Our global economic system is based on, driven by, and in need of constant growth. Like a shark, if it doesn’t keep moving, it dies. Or better, like cancer, it only knows growth, regardless of the consequences for its “host.” As long as GDPs keep rising, it doesn’t matter how unequally distributed that wealth is, or how badly people suffer, or what happens to the environment. So our ECONOMICS ignores and surpass all limits. But our ECOLOGIES are all about limits — each ecosystem is limited (by climate, geography, resources, etc.), and the ultimate limit is the earth itself, the entire biosphere. Our current economic system has run right past these ecological limits (the excess registering in global warming, the extinction of species, the loss of the world’s forests, huge Texas-sized patches of plastic floating in our oceans, etc. etc.). In Slavoj Zizek’s analogy, we are like Wile E. Coyote, running off the edge of the economical/ecological cliff. When we finally look down, we’ll fall.



Here are five basic things you’ll need to know to guide you through the fog of the 2011 Vancouver civic election campaign

1. Both the NPA and Vision Vancouver are bankrolled by developers

The most powerful thing the city does is make decisions about how land is developed. The city decides what kind of development is allowed on a given property, and how big. This is called “zoning,” which largely determines the value of the property. The city can also decide to change what’s allowed on a given property, thereby changing its value — “rezoning.” In short, big developers donate millions of dollars to municipal parties with the expectation that the parties will help increase the value of developers’ properties.

Both the Non-Partisan Association (NPA) and Vision Vancouver are bankrolled by big developers. As Vision’s Geoff Meggs said in an interview with The Mainlander this week, of the millions of campaign contributions to his party, “the lion’s share comes from developers.” Vision split from COPE in 2005 in part because of the Vision faction’s pro-developer strategy. In 2005, of Vision Vancouver’s $1.3M in campaign contributions, a full $984,000 was from corporations — largely developers. By comparison, of $525,740.81 raised by COPE during its 2005 campaign, only $25,763 was from corporations. In 2008, Vision raised $1,704,258.81 during, and another $433,560.83 after the election. About 60% of this was from corporations, including half a million from developers (for a breakdown see here). At Vision’s recent fundraising gala at the Westin Bayshore, Nov 3 2011, the list of attendees is dominated by developers.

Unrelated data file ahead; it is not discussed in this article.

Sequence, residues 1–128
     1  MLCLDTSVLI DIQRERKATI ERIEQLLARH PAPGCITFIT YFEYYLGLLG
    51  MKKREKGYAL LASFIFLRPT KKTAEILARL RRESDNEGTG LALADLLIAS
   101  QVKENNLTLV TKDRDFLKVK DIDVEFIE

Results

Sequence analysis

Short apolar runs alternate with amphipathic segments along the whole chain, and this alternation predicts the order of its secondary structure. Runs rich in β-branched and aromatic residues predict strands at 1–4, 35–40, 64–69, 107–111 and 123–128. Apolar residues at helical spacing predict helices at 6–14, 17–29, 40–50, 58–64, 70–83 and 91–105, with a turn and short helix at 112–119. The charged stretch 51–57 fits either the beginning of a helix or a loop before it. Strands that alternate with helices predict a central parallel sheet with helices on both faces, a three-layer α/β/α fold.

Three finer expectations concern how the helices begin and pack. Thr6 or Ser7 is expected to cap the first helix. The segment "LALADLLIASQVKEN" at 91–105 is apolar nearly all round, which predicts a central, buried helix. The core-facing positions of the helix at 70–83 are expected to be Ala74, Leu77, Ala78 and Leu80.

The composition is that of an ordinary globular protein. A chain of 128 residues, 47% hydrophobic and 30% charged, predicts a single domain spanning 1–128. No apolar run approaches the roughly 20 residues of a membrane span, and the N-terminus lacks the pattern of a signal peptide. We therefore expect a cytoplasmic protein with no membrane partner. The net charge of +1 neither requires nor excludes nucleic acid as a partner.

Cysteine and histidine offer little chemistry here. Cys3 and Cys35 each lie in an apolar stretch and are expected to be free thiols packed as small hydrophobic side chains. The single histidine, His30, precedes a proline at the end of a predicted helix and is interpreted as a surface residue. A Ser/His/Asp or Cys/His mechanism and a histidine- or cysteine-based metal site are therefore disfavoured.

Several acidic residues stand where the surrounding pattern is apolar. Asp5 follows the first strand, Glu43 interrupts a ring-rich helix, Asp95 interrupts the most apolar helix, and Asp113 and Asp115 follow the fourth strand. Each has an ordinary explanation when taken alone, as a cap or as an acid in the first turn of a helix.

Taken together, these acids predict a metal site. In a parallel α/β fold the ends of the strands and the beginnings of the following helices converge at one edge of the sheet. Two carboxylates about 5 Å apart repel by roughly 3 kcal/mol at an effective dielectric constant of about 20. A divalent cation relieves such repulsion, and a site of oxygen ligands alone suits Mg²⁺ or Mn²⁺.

The Non-Partisan Association has always been a developer party. During the 2008 campaign, the developer donations to the NPA equaled that of Vision: half a million dollars. The NPA’s current fundraising manager is Rob MacDonald, a right-wing developer and realtor. MacDonald’s fundraising pitch of September 2011, directed at developers, claimed that it is “unconstitutional” for the city to tax developers at all! The NPA expects to raise $2.4 million this campaign.

2. Despite the talk, neither the NPA or Vision will take action to alleviate the affordability crisis

No matter which way you slice it, Vancouver is one of the most unaffordable cities in the world. A recent RBC report showed that the average family would have to fork out over 90% of their income to buy an average bungalow, and over 50% of their income for an average condo. CMHC defines “affordable” as having to pay no more than 30% of household income on one’s housing.

The big developers need prices to stay high in order to ensure maximum profits. To protect these donors, the NPA and Vision will go to great lengths to maintain the unaffordable status quo. If you watched Wednesday’s CBC mayoral debate, you would have strained to tell the difference between Robertson and Anton’s approaches. It’s like trying to differentiate between Pepsi and Coke at a taste-test — the difference is that there is no difference!